In some earlier posts, a job guarantee is added to an otherwise condensed income-expenditure model. This enables comparisons of steady states under different scenarios akin to the typical exercises conducted in introductory macroeconomics courses. What follows is a summary of the model, bringing together aspects that are dealt with in greater depth – but disparately – elsewhere on the blog, along with brief indications of how the model can be extended to include simple dynamics and short-run price behavior. Links to fuller explanations of various concepts are provided along the way.
Politicians often tell us that we should live within our means. True enough. Unfortunately, many of them do not appear to understand what this actually entails when it comes to fiscal policy. So far as most economists are concerned, the events of the last decade have thoroughly discredited advocates of austerity. Yet, it remains quite common to hear politicians from across the political spectrum calling for reductions in fiscal deficits or even fiscal surpluses. There appears to be little awareness that, in most countries, a call for a fiscal surplus is, literally, a call for the society to live beyond its means.
Neoclassical economics, which remains the prevailing orthodoxy, emerged in the late nineteenth century in the context of rising working-class opposition to capitalism. The theory’s appeal in certain circles as an apologetic for the status quo probably assisted its rise to prominence, which is not to imply that this was necessarily a motivation of the neoclassical economists themselves. The rise of any economic theory requires a receptive audience. Classical political economy had not provided defenders of the system with a comparable apologetic. Not only had it informed Marx’s analysis of capitalism but there were socialist movements drawing on interpretations of Ricardo’s labor theory of value. Class was central to the understanding of capitalism in both classical political economy and Marx, and no attempt had been made to conceal the class antagonisms characterizing the system.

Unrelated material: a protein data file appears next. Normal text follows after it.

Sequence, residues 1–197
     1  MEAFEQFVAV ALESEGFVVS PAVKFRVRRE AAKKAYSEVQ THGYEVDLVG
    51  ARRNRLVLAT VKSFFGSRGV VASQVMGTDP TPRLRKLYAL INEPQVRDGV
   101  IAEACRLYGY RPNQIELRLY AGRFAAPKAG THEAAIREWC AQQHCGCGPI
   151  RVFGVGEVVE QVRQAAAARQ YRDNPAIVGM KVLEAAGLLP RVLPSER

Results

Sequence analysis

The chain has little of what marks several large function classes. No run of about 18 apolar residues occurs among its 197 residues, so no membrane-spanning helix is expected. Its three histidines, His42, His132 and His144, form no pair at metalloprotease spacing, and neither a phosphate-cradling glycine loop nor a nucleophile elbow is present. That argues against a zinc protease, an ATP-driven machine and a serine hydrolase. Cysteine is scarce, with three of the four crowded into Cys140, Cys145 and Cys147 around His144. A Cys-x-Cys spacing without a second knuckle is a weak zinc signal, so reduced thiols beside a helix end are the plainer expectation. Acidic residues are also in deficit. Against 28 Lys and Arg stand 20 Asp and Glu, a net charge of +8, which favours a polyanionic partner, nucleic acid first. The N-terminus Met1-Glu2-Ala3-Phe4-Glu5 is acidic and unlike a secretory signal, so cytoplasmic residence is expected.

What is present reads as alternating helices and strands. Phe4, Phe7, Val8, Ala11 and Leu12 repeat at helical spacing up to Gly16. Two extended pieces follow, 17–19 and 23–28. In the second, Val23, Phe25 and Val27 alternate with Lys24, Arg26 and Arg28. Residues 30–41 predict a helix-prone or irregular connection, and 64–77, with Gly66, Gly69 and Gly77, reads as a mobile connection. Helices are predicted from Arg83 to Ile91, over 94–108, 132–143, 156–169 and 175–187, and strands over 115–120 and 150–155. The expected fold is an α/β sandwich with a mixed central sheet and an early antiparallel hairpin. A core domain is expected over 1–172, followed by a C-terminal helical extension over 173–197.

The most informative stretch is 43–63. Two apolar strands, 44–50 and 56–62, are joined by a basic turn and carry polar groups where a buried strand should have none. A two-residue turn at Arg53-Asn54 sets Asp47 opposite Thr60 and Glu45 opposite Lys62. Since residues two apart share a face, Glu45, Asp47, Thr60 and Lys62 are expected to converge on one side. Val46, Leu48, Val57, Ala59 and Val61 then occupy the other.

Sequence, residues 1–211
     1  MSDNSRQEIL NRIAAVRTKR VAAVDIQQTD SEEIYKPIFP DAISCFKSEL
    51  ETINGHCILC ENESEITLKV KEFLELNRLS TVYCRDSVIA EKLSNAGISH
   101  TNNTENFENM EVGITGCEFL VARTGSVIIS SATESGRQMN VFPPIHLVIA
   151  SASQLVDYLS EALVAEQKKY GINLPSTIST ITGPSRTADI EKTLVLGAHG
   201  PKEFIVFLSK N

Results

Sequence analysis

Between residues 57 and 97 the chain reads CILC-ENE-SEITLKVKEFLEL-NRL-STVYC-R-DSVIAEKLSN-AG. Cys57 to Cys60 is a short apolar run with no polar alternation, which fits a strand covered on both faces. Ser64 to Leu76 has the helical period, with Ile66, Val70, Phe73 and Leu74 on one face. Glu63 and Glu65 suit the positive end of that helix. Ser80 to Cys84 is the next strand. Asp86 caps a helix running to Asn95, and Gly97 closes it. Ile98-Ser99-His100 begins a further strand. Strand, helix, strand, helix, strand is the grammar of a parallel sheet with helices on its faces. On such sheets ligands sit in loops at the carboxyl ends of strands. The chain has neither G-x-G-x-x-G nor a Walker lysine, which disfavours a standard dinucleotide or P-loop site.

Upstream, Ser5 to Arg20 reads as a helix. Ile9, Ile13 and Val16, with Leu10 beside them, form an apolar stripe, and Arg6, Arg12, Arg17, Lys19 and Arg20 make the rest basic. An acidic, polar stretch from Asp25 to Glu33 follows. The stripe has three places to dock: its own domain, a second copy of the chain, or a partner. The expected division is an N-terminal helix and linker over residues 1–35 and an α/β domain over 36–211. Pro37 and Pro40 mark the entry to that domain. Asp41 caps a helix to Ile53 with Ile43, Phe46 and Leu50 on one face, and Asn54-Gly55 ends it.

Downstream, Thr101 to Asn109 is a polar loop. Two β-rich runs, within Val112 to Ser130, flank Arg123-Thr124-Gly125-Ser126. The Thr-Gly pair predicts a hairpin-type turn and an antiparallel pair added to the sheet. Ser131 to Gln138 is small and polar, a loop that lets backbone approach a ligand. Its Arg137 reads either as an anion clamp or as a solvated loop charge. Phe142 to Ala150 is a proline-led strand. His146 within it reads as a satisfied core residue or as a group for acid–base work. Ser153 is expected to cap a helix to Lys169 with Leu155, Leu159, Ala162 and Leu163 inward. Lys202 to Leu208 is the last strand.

This post concerns an implication of Marx’s treatment of productivity and labor complexity for the appropriateness of alternative processes of wage determination. For simplicity, it is assumed that all activity is productive in Marx’s sense (that is, productive of surplus value) and that conditions are competitive in the Marxian (and classical) sense that investment is free to flow in and out of sectors in search of the highest return. Introducing unproductive labor, including a substantial role for public sector and not-for-profit activity, and non-competitive elements would considerably complicate the analysis. The point of the exercise is to consider the incentive effects of alternative wage-determination procedures, from the perspective of Marx’s theory. It is suggested that Marx’s distinction between abstract and concrete labor implies that centralized wage determination, more than alternative wage-setting approaches, will be conducive to productivity growth.